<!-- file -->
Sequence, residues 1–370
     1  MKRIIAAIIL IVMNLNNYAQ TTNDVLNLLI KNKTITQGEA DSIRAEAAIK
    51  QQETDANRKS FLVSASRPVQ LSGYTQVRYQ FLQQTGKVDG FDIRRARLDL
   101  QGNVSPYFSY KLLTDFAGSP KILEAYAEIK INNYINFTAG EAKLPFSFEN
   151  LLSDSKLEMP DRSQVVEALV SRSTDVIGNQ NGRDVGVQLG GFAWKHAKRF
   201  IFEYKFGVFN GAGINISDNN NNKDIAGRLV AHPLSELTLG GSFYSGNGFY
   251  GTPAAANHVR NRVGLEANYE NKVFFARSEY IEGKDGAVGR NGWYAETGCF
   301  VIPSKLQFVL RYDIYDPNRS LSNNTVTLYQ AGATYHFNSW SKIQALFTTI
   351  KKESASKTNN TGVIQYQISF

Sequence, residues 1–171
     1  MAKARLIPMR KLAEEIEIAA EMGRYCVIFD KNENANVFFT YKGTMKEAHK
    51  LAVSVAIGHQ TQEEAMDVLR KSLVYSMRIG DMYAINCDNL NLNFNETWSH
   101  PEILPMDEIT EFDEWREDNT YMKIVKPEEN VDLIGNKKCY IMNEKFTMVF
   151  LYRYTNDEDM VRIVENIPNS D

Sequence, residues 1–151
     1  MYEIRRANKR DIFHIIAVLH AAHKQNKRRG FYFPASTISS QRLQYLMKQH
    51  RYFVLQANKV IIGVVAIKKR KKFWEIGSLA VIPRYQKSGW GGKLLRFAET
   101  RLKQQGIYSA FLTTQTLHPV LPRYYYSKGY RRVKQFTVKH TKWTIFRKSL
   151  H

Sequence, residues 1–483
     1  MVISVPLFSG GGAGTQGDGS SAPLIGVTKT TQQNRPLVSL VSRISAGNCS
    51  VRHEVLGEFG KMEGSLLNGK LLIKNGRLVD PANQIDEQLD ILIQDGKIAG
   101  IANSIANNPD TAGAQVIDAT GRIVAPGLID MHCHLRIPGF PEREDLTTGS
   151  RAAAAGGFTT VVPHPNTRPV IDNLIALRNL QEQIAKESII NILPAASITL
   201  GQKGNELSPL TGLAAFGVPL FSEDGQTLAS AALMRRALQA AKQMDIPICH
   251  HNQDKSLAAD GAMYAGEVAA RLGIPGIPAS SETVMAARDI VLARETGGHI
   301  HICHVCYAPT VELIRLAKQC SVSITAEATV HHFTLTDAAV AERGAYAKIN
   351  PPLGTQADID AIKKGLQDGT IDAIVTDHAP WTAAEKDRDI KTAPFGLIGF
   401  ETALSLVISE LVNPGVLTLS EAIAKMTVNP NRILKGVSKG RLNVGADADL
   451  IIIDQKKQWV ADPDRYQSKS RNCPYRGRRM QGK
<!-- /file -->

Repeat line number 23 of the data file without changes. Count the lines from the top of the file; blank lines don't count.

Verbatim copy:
   101  IANSIANNPD TAGAQVIDAT GRIVAPGLID MHCHLRIPGF PEREDLTTGS